A childhood is a period of bright impressions and first experiences. As children are naive and sincere, they have a tendency to get involved in ridiculous situations. We are sure that you have something interesting to tell about your childhood years. Let the next topic ideas call your memories of situations from childhood that can make a good basis for your narrative essay writing. 

View All Essay Examples on Childhood Memory

3. School years

The school is a path to the adulthood. A person gets essential knowledge and experience there. School years present challenges that contribute to the development of personality. Your school experience and the challenges you overcame are unique. That is why if you write about studying at a school in your narrative essay you have a chance to be original.

View All Essay Examples on School

 4. Relationships

The life of every person is closely connected with relationships. Everybody has personal memories of family, friends and beloved people. Your story about them will always have a private character, so if you are asked to write a narrative essay, relationships is an eternal source of unique ideas. 

View All Essay Examples on Relationships

5. Morality

In every country, people obey legal laws. But there are other laws that regulate people's lives on a larger scale. They are laws of ethics and morality. Morality has an array of unsolved issues, the solution on which usually presents a choice. Either to do something and keep to rules of ethics, or do the opposite and violate these rules. Essay morality topics are a successful choice because they are always of immediate interest.

View All Essay Examples on Morality

7. Interests

Your interests determine the manner of everything that you create. Usually, the sphere of personal interests consists of hobbies and things that attract the person. To write a narrative essay about your interests ask yourself “What do I enjoy doing?” , “What music do I like to listen”, “How do I prefer to spend my free time?”. It is one of the topics about which you can write with passion. Mind that people enjoy reading texts written passionately.

8. Traveling

View All Essay Examples on Travel

Every spot in the world has a story. When you have a trip, the very stage of it is filled with impressions. No matter how many times people visited the seaside or mountains. You have your own journey and you have impressions of it. Why not share it with your readers? Narrative essay format allows you to write even the second Odyssey. Briefly, of course.

9. Student life

Life in college differs from school years. It is more adventurous and enriched with impressions. You are introduced to new people, subjects, a system of education and living conditions. So, it is a great basis for various epic stories! Starting from situations that happen particularly in college and life twists that tend to occur only during the student years. Student years are considered to be the best in the lifetime, why not to write about them in your narrative essay?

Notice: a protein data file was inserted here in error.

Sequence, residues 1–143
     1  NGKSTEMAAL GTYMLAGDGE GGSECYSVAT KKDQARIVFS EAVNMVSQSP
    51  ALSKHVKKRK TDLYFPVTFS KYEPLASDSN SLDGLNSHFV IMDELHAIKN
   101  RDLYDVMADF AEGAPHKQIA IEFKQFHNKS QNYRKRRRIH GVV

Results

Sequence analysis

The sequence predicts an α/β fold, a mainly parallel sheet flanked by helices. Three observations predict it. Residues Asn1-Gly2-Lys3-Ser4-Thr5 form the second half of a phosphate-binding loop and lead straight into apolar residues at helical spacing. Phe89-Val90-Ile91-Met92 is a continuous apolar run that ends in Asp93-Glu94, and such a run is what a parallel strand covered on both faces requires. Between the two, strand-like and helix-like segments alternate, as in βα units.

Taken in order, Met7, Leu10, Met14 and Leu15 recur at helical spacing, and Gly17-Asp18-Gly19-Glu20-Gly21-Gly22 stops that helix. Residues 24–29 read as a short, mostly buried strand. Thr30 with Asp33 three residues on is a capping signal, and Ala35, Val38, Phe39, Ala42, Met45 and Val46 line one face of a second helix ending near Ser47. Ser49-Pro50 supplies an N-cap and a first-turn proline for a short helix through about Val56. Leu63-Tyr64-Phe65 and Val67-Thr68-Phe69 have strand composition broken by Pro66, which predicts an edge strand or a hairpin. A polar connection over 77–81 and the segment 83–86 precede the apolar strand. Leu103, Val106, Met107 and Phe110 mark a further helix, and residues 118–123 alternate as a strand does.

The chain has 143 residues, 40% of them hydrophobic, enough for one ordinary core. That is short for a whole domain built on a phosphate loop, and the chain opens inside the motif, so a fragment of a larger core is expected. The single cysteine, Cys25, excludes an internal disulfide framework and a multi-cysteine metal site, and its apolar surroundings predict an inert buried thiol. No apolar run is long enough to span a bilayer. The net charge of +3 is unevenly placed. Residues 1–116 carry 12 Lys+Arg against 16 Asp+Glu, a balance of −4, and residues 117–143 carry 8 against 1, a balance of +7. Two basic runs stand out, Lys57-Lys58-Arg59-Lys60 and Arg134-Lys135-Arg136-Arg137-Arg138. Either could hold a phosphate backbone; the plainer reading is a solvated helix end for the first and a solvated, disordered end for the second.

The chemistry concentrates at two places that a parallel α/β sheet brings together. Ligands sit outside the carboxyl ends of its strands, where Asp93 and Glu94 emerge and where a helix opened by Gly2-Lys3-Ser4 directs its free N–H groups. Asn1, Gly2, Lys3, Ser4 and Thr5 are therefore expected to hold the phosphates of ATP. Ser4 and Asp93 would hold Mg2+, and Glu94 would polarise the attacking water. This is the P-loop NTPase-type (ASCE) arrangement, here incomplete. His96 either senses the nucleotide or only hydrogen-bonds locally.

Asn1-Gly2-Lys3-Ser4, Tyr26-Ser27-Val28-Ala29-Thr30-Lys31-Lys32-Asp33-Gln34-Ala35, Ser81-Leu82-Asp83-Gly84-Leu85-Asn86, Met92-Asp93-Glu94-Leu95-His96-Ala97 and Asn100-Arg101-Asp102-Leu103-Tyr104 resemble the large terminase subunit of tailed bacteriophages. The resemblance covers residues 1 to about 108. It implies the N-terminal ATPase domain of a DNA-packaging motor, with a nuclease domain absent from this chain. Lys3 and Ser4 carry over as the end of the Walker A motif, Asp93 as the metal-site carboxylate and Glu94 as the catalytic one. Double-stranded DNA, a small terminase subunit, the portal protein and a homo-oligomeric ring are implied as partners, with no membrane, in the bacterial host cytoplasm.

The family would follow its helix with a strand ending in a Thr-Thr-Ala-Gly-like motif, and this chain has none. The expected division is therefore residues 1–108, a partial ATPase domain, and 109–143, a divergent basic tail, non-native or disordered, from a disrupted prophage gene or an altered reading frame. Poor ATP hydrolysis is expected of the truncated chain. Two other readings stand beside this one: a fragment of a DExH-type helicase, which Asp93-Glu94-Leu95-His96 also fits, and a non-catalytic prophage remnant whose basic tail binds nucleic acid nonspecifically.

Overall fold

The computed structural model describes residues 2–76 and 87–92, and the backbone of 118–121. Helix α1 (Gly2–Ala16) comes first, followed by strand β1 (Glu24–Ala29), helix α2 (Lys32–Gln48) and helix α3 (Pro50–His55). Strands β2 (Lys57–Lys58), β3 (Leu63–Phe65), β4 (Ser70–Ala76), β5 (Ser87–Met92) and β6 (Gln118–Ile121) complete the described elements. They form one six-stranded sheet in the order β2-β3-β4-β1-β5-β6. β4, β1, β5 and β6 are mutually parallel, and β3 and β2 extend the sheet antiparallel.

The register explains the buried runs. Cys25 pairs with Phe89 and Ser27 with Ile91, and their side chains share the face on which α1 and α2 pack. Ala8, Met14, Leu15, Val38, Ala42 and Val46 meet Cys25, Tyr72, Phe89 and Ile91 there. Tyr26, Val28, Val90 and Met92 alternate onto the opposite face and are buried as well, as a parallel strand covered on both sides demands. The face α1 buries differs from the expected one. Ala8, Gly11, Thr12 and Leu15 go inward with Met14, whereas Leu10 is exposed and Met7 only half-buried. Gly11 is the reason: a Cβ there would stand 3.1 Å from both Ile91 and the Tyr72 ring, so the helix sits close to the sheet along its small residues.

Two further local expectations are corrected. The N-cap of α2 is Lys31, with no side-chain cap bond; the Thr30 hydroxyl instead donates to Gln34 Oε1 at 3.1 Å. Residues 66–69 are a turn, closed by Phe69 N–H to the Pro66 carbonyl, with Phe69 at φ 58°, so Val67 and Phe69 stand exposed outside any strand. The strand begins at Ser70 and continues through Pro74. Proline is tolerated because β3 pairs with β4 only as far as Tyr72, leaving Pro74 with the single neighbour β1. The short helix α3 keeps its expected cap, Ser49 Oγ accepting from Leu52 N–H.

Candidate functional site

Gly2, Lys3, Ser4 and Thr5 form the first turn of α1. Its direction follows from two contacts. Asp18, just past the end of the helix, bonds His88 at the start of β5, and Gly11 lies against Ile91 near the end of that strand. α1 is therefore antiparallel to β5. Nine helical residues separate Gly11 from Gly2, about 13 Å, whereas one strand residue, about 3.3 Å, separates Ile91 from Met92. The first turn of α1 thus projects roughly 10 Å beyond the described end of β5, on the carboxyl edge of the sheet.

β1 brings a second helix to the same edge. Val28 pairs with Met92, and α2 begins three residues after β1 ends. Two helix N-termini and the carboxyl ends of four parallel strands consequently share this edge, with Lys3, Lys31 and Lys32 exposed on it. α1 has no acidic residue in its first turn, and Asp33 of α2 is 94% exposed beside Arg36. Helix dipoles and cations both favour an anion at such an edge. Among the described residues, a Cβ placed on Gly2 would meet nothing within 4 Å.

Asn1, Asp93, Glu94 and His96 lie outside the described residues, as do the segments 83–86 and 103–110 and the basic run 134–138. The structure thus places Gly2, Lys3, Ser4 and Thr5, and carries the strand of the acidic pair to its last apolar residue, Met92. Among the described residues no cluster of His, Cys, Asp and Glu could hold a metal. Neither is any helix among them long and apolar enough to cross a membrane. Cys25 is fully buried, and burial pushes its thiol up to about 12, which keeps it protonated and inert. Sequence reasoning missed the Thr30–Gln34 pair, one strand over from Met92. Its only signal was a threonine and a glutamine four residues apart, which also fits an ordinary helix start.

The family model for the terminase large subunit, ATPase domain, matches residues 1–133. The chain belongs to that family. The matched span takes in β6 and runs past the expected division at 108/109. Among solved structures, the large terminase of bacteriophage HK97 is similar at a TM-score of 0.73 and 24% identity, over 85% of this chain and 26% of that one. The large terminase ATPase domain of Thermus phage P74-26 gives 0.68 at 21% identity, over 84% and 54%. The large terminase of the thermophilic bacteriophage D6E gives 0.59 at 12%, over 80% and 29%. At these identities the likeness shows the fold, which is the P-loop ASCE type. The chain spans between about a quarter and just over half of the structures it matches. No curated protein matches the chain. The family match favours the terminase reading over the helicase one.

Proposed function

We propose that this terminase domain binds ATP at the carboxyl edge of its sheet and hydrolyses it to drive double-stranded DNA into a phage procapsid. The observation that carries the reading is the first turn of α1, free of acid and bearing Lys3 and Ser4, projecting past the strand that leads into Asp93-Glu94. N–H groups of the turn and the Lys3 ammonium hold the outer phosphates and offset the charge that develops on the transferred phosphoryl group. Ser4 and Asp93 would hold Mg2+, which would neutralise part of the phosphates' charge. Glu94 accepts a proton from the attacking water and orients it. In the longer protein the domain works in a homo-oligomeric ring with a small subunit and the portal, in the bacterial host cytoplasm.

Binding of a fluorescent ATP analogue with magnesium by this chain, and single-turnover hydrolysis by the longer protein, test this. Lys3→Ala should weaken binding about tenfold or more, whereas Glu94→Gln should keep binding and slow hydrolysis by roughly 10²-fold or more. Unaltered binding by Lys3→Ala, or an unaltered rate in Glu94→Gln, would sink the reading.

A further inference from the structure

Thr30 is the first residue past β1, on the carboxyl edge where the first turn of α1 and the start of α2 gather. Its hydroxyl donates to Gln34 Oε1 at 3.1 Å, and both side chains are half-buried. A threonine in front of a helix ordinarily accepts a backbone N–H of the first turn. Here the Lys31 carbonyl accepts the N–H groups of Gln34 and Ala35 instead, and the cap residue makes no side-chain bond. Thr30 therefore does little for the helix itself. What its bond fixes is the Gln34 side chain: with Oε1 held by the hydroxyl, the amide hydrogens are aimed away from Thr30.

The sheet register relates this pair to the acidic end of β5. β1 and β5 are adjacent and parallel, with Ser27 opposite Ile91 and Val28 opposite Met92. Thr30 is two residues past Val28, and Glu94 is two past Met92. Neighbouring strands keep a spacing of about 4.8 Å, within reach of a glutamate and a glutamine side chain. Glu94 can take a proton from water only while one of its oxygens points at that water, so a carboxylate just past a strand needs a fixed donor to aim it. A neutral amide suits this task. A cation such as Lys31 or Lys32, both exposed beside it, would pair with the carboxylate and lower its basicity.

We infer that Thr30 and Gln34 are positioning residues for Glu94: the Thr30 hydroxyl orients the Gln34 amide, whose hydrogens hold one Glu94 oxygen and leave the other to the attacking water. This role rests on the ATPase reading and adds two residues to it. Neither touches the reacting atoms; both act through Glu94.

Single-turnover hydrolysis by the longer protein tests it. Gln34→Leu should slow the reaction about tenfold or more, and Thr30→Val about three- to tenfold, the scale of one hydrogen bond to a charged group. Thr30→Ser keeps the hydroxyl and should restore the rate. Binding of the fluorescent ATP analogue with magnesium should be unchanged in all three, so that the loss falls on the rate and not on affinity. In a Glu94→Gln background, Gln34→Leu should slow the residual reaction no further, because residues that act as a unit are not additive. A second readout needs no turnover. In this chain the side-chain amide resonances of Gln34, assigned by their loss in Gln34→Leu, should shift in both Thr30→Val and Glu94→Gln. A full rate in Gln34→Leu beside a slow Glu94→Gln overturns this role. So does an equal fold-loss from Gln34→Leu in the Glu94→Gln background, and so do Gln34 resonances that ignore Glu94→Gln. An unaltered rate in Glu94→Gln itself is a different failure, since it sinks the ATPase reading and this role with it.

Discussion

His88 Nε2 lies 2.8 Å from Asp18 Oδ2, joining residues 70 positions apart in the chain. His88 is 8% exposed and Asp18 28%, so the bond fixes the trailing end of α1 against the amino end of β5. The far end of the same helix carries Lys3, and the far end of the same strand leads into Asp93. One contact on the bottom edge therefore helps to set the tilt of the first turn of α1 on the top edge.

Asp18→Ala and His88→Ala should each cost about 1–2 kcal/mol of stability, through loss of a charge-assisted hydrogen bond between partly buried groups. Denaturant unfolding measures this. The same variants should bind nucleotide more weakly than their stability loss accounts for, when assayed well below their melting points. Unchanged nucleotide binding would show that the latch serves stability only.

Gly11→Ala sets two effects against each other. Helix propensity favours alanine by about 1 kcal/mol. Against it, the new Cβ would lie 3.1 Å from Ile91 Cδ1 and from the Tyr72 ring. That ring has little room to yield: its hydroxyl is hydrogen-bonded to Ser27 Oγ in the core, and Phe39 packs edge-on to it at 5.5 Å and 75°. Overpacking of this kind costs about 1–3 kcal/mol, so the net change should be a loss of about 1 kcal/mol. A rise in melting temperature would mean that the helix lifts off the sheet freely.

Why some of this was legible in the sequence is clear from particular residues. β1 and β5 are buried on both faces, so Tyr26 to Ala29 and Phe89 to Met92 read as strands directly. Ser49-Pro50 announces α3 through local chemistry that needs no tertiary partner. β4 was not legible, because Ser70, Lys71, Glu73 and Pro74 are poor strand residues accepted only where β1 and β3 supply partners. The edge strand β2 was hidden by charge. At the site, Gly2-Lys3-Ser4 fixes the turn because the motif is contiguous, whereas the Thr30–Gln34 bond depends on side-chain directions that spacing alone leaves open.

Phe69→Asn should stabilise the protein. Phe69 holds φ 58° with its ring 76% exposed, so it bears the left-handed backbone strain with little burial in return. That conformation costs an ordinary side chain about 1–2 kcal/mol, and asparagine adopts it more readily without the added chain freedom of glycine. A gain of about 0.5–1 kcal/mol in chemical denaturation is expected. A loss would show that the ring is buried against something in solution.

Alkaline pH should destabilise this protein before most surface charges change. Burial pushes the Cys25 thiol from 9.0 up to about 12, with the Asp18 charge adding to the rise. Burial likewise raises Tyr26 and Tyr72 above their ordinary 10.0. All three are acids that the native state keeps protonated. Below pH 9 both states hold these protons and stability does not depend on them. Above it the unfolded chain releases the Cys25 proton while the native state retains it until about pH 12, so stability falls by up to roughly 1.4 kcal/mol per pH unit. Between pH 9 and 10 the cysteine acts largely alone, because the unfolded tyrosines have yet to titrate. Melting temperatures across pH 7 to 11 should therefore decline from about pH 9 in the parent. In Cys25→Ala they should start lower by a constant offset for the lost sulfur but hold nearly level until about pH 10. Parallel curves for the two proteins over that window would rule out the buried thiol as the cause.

10. Imagine if…

In narrative essay topic that starts with the words “Imagine If...” usually require creating a story that is possible from your point of view in future. This subtopic is one of the most popular among the students. Because it allows them to make up everything they wish. The entire freedom of imagination!

I have chosen the topic for my narrative essay. What's next?

After the moment you found the most appealing topic for your writing, you must study carefully the instructions from your institution. Be aware of the size it has to be and start writing the narrative essay outline. Also, check out next writing tips, that will ease the writing process.

Tips on narrative essay writing:

1. Focus on specific details that are essential to cover the topic. Try to avoid mentioning irrelevant for the topic information.

2. Do not lie or embellish facts. Dig deep into your experience. Readers value the sincerity.

3. Connect your ideas. Use transition words to make your text coherent and easy to read.

4. Do not omit the conclusion. No matter what your topic is, you write a narrative essay to state what did you get from the experience.

5. Write in such a manner, that you will be interested to read it. If you won't like reading it, the text does not worth the attention of the audience.

6. See the limits of your writing. It is obvious that you can tell much about your experience, but you must not overload the reader with information.

7. Be creative. In the narrative essay, you can write in the first person and use different stylistic devices.

8. Follow instructions of your tutor attentively. Because even being a flexible writing genre, the narrative essay needs to be written according to stated patterns.